Opinion

GPS tracking: Supreme Court must protect Americans from Orwellian control

This term the Supreme Court will decide whether the warrantless GPS monitoring of an individual’s car violates the Fourth Amendment. The court’s answer must be a resounding yes.

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The specter of an Orwellian world in which Americans’ every movement is monitored is no longer a chimera. It is upon us.

This term the Supreme Court will decide whether the warrantless GPS monitoring of an individual’s car violates the Fourth Amendment. The court’s answer must be a resounding yes.

The Fourth Amendment generally requires officers to obtain a search warrant from a judge prior to performing an invasive search or seizure. The threshold for a warrant is minimal: Officers must show probable cause, defined as a reasonable belief, that a crime was committed. This mandate protects individuals from over-zealous officers and provides officers with an objective perspective on the efficacy of their investigations.

A GPS tracking device should only be employed after probable cause is established and a warrant secured. The government contends that Americans forfeit their privacy whenever they enter the public domain and that GPS technology can be used before probable cause is established. However, this would allow individuals to be targeted without any established factual cause, obliterating longstanding notions of privacy that Americans regard as sacrosanct.

Absent the requirement of a warrant, a single officer could surreptitiously affix a GPS device to an individual’s car and observe its movements for weeks or months on end. Activities once thought private – health choices, religious affiliations, political associations, romantic liaisons – would become a matter of public concern, traceable by police.

Worse, unchecked GPS surveillance may chill such activities. Freedom sometimes presupposes anonymity. Indeed an individual contemplating a trip to the abortion clinic, treatment at a drug rehabilitation center, or membership in an unpopular political or religious group, may reconsider if that person believes the government could be watching.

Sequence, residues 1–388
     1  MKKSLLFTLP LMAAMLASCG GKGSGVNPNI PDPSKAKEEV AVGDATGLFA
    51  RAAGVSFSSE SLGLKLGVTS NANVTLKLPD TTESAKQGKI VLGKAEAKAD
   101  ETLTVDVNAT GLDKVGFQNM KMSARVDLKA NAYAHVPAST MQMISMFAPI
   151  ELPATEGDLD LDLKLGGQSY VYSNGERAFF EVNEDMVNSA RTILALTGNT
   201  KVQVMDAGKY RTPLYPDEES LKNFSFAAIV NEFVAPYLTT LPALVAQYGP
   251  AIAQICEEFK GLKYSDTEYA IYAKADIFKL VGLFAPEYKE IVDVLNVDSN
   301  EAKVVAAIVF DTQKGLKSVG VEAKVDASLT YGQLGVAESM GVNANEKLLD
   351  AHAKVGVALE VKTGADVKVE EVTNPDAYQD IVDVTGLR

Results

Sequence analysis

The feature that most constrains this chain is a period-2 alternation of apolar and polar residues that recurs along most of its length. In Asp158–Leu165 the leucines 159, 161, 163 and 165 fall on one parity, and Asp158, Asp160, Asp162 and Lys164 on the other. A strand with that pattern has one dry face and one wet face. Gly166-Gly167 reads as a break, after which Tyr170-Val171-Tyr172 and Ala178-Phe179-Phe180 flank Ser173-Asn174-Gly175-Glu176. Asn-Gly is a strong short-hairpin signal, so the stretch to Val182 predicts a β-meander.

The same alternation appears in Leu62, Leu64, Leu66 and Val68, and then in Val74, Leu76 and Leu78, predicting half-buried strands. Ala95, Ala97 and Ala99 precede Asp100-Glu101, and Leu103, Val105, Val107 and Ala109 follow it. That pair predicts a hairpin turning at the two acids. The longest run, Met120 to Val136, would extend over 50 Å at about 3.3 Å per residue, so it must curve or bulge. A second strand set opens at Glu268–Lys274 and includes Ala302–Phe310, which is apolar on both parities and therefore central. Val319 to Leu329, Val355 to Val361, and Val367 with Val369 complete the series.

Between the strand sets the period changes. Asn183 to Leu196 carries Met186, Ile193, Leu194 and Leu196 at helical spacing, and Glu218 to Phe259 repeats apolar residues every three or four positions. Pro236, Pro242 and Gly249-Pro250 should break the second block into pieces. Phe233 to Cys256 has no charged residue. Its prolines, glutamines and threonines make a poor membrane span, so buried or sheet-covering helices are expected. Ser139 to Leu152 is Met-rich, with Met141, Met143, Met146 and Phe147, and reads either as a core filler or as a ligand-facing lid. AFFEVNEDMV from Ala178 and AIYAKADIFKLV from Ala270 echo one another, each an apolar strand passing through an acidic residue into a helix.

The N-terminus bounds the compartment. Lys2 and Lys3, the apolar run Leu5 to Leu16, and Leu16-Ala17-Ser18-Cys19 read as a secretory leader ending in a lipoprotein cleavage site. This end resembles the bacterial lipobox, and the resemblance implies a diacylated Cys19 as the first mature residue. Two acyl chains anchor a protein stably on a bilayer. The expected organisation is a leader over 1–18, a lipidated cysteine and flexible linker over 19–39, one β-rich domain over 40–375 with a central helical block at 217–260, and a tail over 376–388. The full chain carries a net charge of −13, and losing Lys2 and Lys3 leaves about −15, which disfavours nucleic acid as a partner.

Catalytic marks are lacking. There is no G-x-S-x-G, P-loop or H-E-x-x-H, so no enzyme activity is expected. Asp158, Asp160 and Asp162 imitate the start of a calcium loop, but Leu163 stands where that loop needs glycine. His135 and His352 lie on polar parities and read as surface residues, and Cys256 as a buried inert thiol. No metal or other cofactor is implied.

That people use public roads, or otherwise enter the public realm, to participate in the political and cultural fabric of society does not mean that they surrender their expectation of privacy. People having to search their vehicles for a tracking device every time they get behind the wheel is antithetical to a democracy committed to protecting individual rights. As Justice Louis Brandeis once famously noted, “the right to be let alone [is] the most comprehensive of rights and the right most valued by civilized men.”

Requiring a warrant for GPS technology is also a necessary prophylactic against government abuse. History is replete with examples of the government conducting dragnet type surveillance against perceived dissenters. Victims have included civil rights groups such as the NAACP and supporters of the women’s liberation movement after World War II, university and church groups opposed to the Vietnam War, and America’s Muslim population following the September 11, 2001 terrorist attack.

The Associated Press revealed earlier this fall that undercover NYPD officers have clandestinely surveilled over 250 mosques and Muslim student groups in New York sometimes without evidence of wrongdoing. Permitting officers to deploy GPS technology without judicial oversight would facilitate and legitimate such practices.

Ask Yasir Afifi, a Muslim-American college student. In October 2010, an auto mechanic found a GPS tracker on his car. The FBI later retrieved the device and told Mr. Afifi that he needn’t worry because he was “boring.” To this day, Afifi has never been charged with a crime.

The sophistication and facility of GPS devices only exacerbate their potential for abuse. Small and durable, they require little to no human intervention apart from installation, and can yield data that would otherwise necessitate hundreds of hours of surveillance.

Law enforcement has argued that a warrant requirement would delay investigations, jeopardizing public safety. However, GPS evidence is most useful if gathered over a lengthy period of time, and it takes only a short period to secure a warrant, sometimes just minutes.

Officers pursuing fleeing suspects need not even seek a warrant because they can invoke the “hot pursuit” doctrine, which permits warrantless searches of suspects fleeing a crime scene. Some police cars in fact are already equipped with launchers that fire GPS projectiles.

The story doesn’t end here. The march of science and technology will soon yield GPS devices small enough to attach to satchels and clothing. Officers may even opt for “stingrays,” cell phone tower technology that forces phones to reveal their location. Unless the Supreme Court imposes a warrant requirement on the GPS tracking of cars, the dark cloud cast over our nation by the threat of ubiquitous surveillance will only loom larger.

Arjun Sethi is an attorney.

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